In Georgia, a high school senior organized her classmates to be poll workers so voters would not have to wait hours in line like they did back in June.
In Wisconsin, Milwaukee officials leased the whole floor of a downtown office building to serve as the headquarters to count a record number of absentee ballots.
And in Michigan, the secretary of state organized three shifts of more than 700 people each in Detroit who counted twice as many ballots as they had for the August primary in just over half as much time.
Even as the nation waited for the call designating the winner — Joe Biden was declared the victor Saturday — it had reason to breathe a sigh of relief. Despite warnings of violence, threats of foreign interference, rampant disinformation, cuts to the Postal Service, President Donald Trump’s sowing of distrust and a pandemic that forced the relocation of thousands of polling places, the machinery of American democracy adapted and held up this past week.
The result was a relatively smooth election free of the hours-long lines and vote-suppressing shenanigans that have characterized the voting experience in recent years, particularly during the primaries of the coronavirus era.
The performance was the result of months and, in some cases, years of planning for a transition from Election Day voting to expanded absentee and early in-person balloting. It involved elections administrators at all levels of state and local government and tens of thousands of new poll workers, lured to perform a civic duty that had never before required taking a personal health risk to allow their fellow citizens to exercise their right to vote.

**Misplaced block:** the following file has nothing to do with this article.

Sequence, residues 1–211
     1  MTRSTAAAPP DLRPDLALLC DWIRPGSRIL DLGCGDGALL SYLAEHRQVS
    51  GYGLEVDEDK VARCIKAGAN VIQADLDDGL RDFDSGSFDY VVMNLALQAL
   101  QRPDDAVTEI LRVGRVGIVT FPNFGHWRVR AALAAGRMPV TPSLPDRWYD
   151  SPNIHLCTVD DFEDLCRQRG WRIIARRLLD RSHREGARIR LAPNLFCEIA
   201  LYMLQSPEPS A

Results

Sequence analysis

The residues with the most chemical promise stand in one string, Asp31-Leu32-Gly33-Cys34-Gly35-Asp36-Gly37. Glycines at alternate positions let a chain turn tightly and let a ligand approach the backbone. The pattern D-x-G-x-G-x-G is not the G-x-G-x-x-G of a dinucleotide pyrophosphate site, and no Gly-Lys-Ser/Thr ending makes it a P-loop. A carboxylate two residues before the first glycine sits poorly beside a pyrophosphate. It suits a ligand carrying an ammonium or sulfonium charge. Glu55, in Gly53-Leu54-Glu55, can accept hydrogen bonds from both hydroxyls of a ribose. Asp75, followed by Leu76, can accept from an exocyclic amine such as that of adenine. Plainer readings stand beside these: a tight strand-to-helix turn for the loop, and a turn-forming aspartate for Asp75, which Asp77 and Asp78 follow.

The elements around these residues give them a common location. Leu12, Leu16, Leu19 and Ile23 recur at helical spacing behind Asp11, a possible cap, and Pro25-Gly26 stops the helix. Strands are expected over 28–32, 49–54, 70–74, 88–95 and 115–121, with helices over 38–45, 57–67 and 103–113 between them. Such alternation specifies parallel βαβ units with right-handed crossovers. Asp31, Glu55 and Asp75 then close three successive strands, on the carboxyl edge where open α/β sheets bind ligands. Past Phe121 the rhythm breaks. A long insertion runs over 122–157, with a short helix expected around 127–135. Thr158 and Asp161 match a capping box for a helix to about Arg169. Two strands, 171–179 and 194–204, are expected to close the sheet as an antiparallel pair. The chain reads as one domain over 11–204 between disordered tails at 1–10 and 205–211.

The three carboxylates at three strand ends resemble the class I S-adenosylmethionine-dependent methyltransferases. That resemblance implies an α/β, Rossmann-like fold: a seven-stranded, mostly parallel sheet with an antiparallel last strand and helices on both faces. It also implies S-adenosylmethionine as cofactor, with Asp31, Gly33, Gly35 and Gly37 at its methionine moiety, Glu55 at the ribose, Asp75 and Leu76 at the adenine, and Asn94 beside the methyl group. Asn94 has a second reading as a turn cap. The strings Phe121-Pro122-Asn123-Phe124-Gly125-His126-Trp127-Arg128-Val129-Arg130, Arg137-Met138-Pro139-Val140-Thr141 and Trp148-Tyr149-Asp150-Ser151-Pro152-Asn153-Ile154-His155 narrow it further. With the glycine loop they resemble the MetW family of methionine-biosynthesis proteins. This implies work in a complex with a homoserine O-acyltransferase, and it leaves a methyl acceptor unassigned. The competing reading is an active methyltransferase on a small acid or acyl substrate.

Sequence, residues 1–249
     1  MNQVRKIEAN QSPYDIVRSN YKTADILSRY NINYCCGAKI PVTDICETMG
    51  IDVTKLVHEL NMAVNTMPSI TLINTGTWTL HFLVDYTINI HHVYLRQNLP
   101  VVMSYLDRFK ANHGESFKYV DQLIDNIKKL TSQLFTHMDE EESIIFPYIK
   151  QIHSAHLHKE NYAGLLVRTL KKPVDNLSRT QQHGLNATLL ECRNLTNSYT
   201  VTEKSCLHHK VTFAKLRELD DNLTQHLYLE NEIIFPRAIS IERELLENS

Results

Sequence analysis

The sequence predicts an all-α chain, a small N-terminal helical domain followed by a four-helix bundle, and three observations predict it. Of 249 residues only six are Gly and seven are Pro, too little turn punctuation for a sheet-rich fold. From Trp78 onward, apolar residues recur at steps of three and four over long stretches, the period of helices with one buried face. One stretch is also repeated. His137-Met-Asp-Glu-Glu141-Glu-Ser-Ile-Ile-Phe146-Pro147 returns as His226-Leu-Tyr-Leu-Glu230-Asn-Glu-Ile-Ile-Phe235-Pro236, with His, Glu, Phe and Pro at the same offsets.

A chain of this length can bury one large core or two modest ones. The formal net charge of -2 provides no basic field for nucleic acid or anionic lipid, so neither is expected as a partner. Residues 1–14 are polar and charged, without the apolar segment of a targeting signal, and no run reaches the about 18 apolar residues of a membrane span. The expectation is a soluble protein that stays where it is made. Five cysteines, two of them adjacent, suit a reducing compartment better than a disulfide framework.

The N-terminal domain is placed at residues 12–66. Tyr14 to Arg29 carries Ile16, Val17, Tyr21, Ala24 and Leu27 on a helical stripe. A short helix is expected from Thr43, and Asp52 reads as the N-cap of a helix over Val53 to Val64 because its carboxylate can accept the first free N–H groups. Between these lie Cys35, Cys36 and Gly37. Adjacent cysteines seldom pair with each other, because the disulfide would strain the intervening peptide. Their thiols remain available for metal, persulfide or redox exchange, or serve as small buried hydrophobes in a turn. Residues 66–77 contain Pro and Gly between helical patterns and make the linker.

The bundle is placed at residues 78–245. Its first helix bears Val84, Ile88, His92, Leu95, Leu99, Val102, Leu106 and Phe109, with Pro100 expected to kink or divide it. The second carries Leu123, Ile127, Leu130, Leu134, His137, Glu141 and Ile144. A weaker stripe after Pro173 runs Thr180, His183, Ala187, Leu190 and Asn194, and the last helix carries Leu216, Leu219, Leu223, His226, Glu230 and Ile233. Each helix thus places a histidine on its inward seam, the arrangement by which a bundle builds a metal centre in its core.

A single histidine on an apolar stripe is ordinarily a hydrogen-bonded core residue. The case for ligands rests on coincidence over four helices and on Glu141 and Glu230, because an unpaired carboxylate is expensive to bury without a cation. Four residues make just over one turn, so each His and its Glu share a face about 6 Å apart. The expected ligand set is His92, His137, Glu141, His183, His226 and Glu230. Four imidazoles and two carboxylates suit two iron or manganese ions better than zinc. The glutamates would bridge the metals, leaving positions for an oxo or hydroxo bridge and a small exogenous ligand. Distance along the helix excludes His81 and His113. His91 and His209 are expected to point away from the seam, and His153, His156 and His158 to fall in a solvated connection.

“There was never a moment when I didn’t think it was going to work because I believe in the American people,” said Adrian Fontes, the top elections administrator in Maricopa County, Arizona, which includes Phoenix and 60% of the state’s voters. “We are a raucous, dysfunctional family who will stand together in the best of times and in the worst of times. If you can’t believe that, then you have no business running American elections.”
For months heading into November, there was a growing and influential crowd of American doomsayers warning of one calamity after another that could befall the election. Now that the voting is over and took place without a catastrophic structural failure, a crippling cyberattack from abroad or extralegal interference from the Trump administration, those who spent the summer and fall sounding alarms said that without their warnings the worst-case scenarios might have come to pass.